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Why Amnesty’s pro-abortion video with Liam Neeson got such a massive thumbs down from the public

by | Nov 30, 2015

By Niamh Ui Bhriain

chainsadWell now, this is embarrassing. Amnesty’s pro-abortion video, featuring a voiceover from megastar Liam Neeson, has got a massive thumbs down from the public.

It’s pretty much a wipe-out, with four times as many people disliking the video than liking it. For obvious reasons, Amnesty stopped allowing comments on the video – titled Chains – pretty soon after its launch.

That’s a major rejection from the very demographic Amnesty claim to represent: younger, internet-savvy, human rights advocates who Amnesty obviously felt would love this celebrity-endorsed propaganda piece, and go on to share the heck out of it. Instead the response to the video has revealed that Amnesty’s abortion push is actively disliked on a level that the organisation would surely have rather kept out of public sight.

So why did this clumsy piece of pro-abortion propaganda get such a massive thumbs down. Here’s 4 possibilities:


The first time I saw the video I actually laughed out loud. It seemed like a bad parody, but it wasn’t. It’s just an awful video.

There’s a cringe factor to it that must just push people to click that thumbs down button. The ridiculously creepy music, the camera panning the broken-down graveyard, the farcical script (seriously Liam Neeson what were you thinking?), the preposterous attempt to make modern Ireland seem like a living nightmare: a country in the grip of a Gothic horror as a ‘ghost’ – the 8th Amendment which protects unborn babies and their mothers – “blindly brings suffering, even death, to the women whose lives it touches”.

What complete rubbish. Everyone knows this is not true. The video didn’t resonate with people because they didn’t recognise Ireland in this over-blown distortion of the truth. It also smacked of crude propaganda – and of the kind of vicious stereotyping of Irish culture and values which was previously all-too-familiar in the country where the video’s creator now lives.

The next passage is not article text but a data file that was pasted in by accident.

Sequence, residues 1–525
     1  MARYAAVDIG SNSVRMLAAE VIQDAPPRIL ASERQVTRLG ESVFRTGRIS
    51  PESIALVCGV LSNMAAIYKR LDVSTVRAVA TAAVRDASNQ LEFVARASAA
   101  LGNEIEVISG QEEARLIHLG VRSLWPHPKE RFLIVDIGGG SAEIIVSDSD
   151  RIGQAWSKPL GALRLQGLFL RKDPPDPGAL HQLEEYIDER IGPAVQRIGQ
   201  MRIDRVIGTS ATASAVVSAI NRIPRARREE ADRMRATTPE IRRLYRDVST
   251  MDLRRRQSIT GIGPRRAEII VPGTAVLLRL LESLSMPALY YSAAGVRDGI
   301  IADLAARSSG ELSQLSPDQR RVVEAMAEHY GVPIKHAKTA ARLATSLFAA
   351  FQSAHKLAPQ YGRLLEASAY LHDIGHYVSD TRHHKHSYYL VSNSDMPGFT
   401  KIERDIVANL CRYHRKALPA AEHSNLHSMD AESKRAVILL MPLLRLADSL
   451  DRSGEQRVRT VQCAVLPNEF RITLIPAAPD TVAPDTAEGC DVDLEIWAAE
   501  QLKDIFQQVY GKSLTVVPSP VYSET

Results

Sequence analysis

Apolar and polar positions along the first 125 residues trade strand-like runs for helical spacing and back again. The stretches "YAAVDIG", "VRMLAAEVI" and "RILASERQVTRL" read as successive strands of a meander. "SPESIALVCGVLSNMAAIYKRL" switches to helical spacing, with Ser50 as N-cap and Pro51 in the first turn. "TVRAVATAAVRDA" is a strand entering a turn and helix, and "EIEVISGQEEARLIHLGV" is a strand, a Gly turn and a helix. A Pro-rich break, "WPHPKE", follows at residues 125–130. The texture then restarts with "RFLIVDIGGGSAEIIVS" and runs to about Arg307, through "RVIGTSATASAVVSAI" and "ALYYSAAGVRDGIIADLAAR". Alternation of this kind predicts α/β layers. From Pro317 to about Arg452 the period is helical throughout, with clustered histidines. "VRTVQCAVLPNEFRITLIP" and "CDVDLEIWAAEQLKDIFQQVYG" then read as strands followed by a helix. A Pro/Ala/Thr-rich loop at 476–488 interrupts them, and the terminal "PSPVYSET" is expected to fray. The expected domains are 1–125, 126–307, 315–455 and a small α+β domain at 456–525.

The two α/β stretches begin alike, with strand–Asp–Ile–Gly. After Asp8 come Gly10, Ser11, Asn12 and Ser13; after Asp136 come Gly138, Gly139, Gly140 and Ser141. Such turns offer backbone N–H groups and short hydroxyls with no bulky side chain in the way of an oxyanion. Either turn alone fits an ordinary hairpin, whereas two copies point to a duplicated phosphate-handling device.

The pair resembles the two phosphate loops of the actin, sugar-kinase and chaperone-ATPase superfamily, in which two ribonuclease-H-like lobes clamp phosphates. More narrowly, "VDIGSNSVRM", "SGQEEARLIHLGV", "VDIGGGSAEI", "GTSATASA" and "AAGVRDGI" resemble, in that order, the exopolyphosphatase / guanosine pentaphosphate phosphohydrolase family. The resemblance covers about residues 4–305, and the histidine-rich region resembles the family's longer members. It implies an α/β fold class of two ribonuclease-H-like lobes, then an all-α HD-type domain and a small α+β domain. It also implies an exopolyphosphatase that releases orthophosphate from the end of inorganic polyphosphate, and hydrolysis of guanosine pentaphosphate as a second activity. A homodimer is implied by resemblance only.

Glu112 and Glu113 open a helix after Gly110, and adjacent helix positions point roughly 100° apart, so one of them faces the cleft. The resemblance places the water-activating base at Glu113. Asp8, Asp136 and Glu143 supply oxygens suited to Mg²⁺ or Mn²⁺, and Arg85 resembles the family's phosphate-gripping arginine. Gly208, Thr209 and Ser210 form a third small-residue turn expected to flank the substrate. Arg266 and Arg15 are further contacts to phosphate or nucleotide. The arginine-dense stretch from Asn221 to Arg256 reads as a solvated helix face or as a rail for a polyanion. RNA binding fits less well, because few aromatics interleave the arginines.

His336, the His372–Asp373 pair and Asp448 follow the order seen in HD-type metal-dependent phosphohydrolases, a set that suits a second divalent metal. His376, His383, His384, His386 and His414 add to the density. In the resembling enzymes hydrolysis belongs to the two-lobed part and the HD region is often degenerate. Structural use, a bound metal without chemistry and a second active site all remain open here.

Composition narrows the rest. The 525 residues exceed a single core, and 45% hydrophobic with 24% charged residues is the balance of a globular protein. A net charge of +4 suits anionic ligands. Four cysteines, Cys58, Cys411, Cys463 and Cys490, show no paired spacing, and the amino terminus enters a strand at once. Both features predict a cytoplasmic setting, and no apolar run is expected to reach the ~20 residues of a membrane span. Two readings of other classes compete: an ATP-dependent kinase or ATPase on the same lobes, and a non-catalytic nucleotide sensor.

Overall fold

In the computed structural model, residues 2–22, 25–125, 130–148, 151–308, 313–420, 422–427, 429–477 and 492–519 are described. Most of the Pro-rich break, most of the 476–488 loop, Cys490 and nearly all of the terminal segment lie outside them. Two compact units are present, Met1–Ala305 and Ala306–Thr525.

But most of all Chains is just a really bad video. So bad, it makes you cringe, and feel just a little embarrassed for Amnesty.


Like much of Amnesty’s aggressive abortion campaign the video is fundamentally dishonest. The organisation has already been called out by a group of Senior Obstetricians for ‘misrepresenting’ Irish medical practise and for making “unwarranted and unfounded allegations” against doctors which “are not supported by factual evidence”.

The video claims that Ireland’s abortion ban has caused women to die, which is simply not true. In 2013, a Parliamentary Inquiry heard top medical experts confirm that not one woman had died in Ireland because she was denied medical treatment due to our abortion laws. Ireland is, in fact, one of the safest places in the world for a women to be pregnant according to the UN, and our maternal mortality rate is lower than Britain – whose abortion regime Amnesty wants us to emulate.

Irish women are not stupid. We’ve had babies, miscarried babies, had cancer, suffered ectopic pregnancies and much more during pregnancy while the 8th Amendment is in play. We know that our lives were not endangered by our ban on abortion, and we can recognise manipulative, dishonest, scaremongering when we see it.


Broken down churches and crosses – Amnesty didn’t even try to be subtle. In this video, Catholicism is clearly the root of all evil, while abortion is a supreme good. They could have at least tried not to mix their messages.

Amnesty’s founder, Peter Benenson, was apparently a devout Catholic. I’d suggest he must be turning in his grave, but I’m afraid the poor man might end up making an appearance in Chains 2.


You could line up every film star in the planet to make Amnesty’s pro-abortion propaganda, but it wouldn’t make abortion more palatable.

That’s partly because abortion is not embedded in Irish culture – in fact the number of abortions being carried out on Irish women in the past 13 years has fallen by a massive 45%, and our abortion rate, the proportion of babies conceived who are killed by abortion, is low at 5%. In Britain it’s a heart-breaking 21%.

Amnesty and their fellow abortion extremists act like our low abortion rate is a bad thing, or at least they never, ever welcome the fact that fewer women are undergoing abortions whereby they are exploited and the life of their baby is summarily ended.

Neither, to be honest, do most people feel that celebrities should tell us what to think about abortion. The evidence that abortion kills children and hurts women is irrefutable. No amount of movie-star voiceovers can change that.

Editor’s note. This appeared at

Categories: Abortion